Professional Engineering Resume Structure:

Now that the engineering tips for a resume are in order let’s talk about the structure it needs to follow. An engineering resume needs to have a proper structure to ensure the recruiter doesn’t have any trouble locating your work experience, educational background, and skills. The following is a simple yet effective resume structure you can use:

1. Resume Header

It is the first section of your resume. This section provides your name and contact information on your resume. The header is by far the most crucial section of the resume and is placed at the top. 

If the resume impresses the recruiter, they can contact you via the contact information. Ensure your contact information includes your cell phone number, email address, and a link to your digital portfolio. 

2. Resume Objective or Summary

Next up, we have the resume objective or summary. This is another crucial section of your resume. This comes right after the header. Did you know that a recruiter receives around 118 job applications for a single job advert? With so many resumes, you can’t expect the recruiter to go through them all. 

So, they filter them out based on the resume objective or summary. Think of the section as the resume for the resume. It helps summarize your resume into 3-5 phrases highlighting the relevant skills and qualifications that make you a good fit for the company. Place the resume objective if you want to discuss what you aim to accomplish through your experience and skill while writing the resume summary if you want to focus on your past experience.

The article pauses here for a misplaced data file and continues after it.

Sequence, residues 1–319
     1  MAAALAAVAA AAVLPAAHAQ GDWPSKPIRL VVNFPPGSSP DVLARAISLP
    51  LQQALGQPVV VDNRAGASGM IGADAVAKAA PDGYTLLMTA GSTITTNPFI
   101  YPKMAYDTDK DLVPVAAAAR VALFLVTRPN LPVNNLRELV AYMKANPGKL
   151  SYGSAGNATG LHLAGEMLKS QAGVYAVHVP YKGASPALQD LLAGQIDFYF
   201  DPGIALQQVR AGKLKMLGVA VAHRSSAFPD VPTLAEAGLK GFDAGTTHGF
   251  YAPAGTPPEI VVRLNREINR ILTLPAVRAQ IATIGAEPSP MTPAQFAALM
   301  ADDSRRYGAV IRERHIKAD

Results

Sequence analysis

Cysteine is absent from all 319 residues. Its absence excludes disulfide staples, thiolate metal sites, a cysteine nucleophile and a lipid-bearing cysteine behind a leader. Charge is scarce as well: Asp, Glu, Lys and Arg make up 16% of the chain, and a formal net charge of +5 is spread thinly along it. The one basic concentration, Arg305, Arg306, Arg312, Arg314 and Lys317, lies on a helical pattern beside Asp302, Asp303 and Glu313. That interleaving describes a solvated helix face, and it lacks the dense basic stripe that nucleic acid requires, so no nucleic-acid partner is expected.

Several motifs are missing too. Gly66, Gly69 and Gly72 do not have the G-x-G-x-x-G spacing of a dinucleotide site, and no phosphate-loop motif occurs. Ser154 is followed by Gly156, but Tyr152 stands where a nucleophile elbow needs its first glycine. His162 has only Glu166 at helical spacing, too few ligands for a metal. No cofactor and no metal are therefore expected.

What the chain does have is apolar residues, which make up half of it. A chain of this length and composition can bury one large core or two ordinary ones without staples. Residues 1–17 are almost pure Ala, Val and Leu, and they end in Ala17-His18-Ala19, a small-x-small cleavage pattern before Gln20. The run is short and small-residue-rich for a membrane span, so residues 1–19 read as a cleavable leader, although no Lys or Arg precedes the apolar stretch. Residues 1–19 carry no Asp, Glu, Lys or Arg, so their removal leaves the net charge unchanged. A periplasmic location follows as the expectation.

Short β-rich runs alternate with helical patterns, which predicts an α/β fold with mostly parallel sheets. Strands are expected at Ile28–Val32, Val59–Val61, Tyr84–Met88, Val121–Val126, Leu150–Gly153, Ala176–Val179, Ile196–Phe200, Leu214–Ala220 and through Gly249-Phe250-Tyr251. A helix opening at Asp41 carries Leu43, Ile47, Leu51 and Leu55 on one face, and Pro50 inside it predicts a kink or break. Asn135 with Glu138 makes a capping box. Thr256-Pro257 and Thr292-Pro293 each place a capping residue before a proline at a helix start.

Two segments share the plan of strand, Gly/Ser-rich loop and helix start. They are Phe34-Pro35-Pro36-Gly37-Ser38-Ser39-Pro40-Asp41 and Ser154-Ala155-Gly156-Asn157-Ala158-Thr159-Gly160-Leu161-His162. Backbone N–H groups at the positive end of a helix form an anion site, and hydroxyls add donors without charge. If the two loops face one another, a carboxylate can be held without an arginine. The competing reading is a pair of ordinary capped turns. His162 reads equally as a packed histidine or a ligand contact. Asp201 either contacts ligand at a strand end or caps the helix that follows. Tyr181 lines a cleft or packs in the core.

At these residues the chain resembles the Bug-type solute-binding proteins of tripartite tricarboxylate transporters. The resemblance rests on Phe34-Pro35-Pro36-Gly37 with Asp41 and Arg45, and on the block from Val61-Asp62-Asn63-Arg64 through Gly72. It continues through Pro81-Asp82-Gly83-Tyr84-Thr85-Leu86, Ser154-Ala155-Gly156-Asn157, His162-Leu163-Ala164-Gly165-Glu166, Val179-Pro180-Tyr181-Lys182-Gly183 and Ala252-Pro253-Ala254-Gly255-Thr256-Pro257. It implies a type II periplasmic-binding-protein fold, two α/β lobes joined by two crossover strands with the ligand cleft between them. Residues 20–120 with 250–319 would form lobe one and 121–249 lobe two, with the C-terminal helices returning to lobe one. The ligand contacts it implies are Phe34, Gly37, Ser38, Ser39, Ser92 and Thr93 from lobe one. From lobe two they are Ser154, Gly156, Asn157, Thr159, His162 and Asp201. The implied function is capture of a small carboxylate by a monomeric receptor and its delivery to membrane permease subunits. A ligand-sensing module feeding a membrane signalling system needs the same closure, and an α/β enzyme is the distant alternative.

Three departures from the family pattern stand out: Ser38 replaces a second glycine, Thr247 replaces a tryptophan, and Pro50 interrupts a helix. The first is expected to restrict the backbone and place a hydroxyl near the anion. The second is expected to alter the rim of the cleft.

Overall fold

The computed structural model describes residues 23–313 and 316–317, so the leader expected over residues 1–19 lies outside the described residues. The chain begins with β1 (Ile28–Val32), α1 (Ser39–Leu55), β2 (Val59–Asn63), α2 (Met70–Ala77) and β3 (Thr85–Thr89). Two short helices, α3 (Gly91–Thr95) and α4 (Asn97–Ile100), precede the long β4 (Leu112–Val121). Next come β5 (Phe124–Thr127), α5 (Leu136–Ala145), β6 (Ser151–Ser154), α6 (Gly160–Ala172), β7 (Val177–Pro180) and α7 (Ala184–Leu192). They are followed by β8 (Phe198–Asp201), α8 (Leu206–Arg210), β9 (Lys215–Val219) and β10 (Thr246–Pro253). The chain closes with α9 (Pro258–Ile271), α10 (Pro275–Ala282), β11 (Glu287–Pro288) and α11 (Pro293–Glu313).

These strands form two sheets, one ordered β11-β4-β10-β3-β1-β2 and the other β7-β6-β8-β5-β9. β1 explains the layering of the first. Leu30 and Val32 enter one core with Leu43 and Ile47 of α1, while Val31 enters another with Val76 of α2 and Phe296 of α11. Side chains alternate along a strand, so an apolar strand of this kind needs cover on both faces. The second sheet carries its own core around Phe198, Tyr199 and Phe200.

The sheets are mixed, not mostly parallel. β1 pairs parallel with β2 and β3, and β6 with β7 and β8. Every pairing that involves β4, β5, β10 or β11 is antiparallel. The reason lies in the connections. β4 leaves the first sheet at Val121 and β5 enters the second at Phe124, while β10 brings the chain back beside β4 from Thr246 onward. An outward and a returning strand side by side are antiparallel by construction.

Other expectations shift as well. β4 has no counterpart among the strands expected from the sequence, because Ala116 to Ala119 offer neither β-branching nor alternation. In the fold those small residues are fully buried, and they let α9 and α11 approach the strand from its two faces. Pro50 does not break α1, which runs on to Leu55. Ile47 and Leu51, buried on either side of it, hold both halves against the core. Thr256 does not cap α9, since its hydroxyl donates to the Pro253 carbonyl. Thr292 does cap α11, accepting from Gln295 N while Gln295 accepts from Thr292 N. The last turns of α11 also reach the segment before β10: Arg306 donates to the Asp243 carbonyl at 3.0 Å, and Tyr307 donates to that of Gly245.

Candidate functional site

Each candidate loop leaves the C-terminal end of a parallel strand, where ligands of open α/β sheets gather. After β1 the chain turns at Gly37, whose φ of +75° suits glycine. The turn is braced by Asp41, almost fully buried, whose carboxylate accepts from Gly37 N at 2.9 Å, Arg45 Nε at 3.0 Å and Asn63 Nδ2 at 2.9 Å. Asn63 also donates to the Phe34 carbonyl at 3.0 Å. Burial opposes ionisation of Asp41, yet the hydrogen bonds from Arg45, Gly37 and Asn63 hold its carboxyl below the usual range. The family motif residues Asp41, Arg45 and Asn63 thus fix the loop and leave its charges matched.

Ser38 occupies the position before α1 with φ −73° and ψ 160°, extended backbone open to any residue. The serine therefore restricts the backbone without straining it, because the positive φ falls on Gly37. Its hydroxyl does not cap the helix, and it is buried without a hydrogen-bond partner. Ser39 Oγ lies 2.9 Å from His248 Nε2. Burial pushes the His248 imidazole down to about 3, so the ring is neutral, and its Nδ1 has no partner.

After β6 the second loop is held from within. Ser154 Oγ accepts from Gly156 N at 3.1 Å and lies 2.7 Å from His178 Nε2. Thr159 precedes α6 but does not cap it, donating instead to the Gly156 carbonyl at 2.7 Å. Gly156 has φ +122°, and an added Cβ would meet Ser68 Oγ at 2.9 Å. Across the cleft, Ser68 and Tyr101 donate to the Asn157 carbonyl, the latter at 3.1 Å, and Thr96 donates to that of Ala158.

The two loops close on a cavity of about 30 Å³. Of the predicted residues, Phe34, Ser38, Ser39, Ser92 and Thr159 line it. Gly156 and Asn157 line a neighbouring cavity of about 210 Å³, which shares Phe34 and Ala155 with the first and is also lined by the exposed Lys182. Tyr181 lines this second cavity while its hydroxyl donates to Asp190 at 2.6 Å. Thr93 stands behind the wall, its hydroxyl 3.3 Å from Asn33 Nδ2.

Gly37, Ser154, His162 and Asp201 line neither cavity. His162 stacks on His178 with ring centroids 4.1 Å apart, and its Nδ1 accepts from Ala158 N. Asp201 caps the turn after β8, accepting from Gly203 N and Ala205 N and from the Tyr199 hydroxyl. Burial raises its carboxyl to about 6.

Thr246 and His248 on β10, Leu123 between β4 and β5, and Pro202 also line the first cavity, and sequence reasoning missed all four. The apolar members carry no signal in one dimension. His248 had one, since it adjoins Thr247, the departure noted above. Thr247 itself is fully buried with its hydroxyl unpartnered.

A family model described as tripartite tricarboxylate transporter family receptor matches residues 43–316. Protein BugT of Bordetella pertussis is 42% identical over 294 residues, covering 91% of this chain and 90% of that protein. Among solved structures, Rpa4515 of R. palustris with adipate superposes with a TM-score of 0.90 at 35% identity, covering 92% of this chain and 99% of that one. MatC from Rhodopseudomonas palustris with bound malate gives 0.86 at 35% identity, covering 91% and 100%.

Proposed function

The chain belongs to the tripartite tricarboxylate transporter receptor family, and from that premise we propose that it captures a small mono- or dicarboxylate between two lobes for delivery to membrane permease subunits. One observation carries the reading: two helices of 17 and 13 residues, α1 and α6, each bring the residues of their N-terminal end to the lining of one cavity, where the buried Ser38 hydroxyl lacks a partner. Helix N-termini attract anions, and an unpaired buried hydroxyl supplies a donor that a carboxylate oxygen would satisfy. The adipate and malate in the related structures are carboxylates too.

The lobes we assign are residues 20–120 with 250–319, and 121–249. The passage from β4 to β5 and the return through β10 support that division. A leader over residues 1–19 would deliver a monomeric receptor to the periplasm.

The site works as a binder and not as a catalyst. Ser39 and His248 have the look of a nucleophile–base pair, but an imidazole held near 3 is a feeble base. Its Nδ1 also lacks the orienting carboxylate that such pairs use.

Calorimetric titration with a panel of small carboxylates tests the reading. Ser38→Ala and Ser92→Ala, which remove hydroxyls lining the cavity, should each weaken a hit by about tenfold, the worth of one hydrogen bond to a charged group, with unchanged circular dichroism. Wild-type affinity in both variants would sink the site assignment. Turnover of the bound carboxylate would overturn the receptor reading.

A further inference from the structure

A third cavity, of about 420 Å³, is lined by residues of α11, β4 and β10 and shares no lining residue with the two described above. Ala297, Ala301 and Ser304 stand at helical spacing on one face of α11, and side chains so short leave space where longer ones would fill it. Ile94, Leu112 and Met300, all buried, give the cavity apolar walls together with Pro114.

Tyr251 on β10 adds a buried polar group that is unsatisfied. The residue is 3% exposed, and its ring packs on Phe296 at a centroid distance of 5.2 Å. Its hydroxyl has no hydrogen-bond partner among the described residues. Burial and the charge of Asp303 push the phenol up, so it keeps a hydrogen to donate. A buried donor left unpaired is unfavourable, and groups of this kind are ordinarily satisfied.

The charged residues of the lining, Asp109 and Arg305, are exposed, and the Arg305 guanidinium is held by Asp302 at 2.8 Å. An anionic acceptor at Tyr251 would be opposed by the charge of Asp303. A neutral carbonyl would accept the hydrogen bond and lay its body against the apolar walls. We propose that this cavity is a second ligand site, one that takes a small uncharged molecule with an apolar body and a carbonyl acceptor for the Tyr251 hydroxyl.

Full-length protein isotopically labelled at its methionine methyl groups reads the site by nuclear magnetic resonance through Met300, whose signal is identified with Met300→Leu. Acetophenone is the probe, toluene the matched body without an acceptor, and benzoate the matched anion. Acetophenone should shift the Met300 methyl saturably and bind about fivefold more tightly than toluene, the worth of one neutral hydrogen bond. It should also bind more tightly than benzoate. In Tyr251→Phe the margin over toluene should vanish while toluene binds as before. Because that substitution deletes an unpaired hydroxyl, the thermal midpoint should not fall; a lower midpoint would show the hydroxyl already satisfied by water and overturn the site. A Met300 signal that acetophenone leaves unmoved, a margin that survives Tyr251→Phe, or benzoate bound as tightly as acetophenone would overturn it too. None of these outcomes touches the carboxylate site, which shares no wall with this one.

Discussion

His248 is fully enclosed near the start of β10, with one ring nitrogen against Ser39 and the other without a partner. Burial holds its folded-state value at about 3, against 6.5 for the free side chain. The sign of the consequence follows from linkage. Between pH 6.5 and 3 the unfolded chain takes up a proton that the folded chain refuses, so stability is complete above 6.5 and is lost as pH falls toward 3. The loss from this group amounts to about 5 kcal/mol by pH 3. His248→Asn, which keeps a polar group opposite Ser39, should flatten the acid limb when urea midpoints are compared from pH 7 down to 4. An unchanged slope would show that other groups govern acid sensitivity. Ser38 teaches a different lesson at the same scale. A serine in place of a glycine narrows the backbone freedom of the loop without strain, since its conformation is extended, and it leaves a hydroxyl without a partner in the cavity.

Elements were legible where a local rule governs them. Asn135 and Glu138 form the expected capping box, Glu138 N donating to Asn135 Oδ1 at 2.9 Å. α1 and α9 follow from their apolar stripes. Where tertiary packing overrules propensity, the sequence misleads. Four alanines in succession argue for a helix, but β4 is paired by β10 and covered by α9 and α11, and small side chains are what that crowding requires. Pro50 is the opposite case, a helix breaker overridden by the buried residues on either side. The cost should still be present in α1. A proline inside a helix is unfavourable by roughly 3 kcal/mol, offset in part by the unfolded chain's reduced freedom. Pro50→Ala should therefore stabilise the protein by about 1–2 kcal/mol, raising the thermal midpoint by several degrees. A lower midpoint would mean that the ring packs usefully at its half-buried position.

3. Work Experience

The next section of your resume should list the work experience you gained over the experience. Even if you don’t know how to write an engineering resume, you must be aware that work experience is the thing that the recruiter looks at if they approve your summary.

To make an engineering resume work experience section, you should use the reverse chronological format to include each entry of where you were employed in the past. Each entry should include the organization name, employment title, date, years of employment, and the achievements you had. 

How to Get Engineering Experience?

If you don’t have any prior experience, we recommend getting some experience before applying. Here are some ways to get experience to put in your resume:

Although most do not directly relate to engineering, you could use them to discuss your transferable skills in your entry-level engineering resume.